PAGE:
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Build it and they will come” – Tips on designing flexible speculative industrial buildings.

In February of 1849, a contingent of US Army Engineers sailed down the west coast of Florida and surveyed the mouth of Tampa Bay for the feasibility of establishing a coastal defense position there. No fortifications immediately arose from that effort on the pre-Civil War coastline, but a lighthouse was constructed on Egmont Key, an island flanking the bays entrance. A young army Colonel, Robert E. Lee, was one of those surveyors. The Lighthouse still stands today.

The onset of hostilities in Cuba with the Spanish American War in 1898, along with pressure from the citizens of Tampa and big Railroad interests, ultimately persuaded the Secretary of War to order the construction of fortifications at the mouth of Tampa Bay. Construction on the fortifications began in earnest on both sides of the mouth of the bay. Fort Dade was built on Egmont Key to the South of the channel, Fort De Soto on the North Flank, called Mullet Key. Due to its proximity to Cuba and its port facilities, Tampa became the port of embarkation for U.S. troops and supplies going to the Caribbean war zones. Apparently, another reason for deciding to fortify Tampa Bay was the little known fact that Tampa was the shipping point for much of the clandestine weaponry being supplied to the rebels in Cuba, and Spain probably knew it.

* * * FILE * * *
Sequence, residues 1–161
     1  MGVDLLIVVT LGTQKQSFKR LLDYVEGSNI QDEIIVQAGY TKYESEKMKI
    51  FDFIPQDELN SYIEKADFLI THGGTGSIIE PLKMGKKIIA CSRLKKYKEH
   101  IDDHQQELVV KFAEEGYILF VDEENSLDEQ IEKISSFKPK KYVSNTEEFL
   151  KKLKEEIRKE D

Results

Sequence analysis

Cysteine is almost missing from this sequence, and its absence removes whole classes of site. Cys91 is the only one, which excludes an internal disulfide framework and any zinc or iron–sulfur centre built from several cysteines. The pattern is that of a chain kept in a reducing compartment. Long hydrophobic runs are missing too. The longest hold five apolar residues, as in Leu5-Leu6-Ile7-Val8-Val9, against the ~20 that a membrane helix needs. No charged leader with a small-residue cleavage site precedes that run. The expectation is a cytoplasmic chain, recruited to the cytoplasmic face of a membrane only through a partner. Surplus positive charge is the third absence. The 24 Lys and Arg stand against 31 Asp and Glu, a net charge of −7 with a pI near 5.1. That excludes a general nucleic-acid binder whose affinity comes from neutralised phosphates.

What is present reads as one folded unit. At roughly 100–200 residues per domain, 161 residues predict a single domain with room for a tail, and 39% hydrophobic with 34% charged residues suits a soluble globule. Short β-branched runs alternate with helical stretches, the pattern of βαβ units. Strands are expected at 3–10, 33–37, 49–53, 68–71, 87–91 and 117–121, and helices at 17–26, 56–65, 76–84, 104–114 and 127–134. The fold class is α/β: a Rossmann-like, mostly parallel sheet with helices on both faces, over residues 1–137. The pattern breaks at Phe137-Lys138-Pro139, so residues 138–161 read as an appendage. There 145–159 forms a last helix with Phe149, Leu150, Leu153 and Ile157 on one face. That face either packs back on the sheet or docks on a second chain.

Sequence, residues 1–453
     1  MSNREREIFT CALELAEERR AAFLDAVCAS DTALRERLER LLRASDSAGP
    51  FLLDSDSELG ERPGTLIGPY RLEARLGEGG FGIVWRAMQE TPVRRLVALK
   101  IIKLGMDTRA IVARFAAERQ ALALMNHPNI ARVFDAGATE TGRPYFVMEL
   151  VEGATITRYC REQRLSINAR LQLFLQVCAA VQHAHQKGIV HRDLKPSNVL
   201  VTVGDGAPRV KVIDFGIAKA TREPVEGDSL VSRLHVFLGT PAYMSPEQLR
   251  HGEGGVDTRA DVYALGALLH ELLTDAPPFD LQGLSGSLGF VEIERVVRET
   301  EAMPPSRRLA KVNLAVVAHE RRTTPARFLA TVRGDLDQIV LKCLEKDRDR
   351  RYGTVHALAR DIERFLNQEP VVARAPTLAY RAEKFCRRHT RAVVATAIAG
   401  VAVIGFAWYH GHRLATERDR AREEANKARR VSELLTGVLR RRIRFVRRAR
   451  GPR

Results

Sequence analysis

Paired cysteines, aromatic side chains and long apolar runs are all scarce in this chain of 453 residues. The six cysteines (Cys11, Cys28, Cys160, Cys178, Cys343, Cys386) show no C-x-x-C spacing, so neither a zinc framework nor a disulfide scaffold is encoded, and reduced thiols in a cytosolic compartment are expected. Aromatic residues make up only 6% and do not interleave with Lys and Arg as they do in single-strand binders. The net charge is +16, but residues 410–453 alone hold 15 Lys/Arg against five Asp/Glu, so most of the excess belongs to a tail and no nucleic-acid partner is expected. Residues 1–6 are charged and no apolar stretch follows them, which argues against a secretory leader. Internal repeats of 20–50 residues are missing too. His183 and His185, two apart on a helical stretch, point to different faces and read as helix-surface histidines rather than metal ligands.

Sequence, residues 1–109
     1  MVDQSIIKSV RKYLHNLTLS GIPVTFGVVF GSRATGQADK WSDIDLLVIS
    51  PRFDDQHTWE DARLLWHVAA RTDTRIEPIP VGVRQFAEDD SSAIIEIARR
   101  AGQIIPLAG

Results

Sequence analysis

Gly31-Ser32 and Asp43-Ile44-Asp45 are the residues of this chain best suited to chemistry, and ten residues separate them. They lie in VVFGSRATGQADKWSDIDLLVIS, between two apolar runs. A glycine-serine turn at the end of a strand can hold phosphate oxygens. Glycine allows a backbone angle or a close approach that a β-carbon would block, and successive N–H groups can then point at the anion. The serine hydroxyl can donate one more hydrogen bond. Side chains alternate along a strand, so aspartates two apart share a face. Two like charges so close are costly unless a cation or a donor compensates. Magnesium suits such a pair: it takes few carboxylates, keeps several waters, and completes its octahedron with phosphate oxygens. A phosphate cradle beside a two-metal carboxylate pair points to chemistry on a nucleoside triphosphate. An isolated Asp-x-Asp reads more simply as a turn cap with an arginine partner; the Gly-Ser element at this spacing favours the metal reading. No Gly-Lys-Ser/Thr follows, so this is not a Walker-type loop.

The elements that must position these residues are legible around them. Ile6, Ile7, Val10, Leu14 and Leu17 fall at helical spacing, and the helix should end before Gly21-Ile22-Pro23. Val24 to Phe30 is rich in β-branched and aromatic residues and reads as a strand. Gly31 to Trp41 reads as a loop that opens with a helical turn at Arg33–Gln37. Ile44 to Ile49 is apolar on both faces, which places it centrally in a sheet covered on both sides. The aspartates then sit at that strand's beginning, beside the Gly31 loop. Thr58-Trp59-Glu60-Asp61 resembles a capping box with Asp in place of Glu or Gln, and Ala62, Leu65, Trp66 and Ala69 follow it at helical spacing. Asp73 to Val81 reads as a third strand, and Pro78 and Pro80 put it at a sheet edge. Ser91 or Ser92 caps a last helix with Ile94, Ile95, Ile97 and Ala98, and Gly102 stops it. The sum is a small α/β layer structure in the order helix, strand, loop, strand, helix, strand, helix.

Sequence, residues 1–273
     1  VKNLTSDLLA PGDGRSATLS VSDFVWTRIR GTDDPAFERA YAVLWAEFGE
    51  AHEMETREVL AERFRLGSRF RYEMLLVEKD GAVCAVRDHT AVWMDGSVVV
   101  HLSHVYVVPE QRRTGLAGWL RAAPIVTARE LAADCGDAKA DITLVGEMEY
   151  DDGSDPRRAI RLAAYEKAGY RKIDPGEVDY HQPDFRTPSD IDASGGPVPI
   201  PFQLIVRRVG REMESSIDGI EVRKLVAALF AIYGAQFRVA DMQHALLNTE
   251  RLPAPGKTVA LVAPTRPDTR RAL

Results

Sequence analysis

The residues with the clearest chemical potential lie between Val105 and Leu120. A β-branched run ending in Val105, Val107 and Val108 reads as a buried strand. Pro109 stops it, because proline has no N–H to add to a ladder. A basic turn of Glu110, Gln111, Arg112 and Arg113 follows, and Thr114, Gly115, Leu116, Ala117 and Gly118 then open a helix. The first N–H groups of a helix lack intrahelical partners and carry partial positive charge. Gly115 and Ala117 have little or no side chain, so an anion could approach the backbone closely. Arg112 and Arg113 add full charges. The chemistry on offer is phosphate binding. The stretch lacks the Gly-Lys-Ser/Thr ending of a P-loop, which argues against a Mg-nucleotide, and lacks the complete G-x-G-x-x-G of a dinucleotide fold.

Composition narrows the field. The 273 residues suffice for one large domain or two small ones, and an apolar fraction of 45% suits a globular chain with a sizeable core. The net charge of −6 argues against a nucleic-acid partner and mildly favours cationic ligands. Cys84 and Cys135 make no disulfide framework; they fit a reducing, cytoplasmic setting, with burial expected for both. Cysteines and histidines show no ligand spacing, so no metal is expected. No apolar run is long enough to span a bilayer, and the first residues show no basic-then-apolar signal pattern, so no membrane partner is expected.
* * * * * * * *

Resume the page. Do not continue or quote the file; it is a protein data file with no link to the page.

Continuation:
The war lasted only ten weeks. A military presence, however, continued to persist at Ft. De Soto. Guns were installed in 1902, and a full blown base continued operations until it was closed in 1922. Consisting of now densely overgrown, sand covered concrete bunkers, the fort maintained batteries of 12” mortars, some of which are still there. The Forts guns were never fired in combat, and no invading Navy ever sailed towards its defenses. But it was built, nonetheless. Ft. De Soto is now a State park, and an interesting place to visit. Ft. Dade is now mostly submerged beneath the Gulf of Mexico, and is also an interesting place to visit.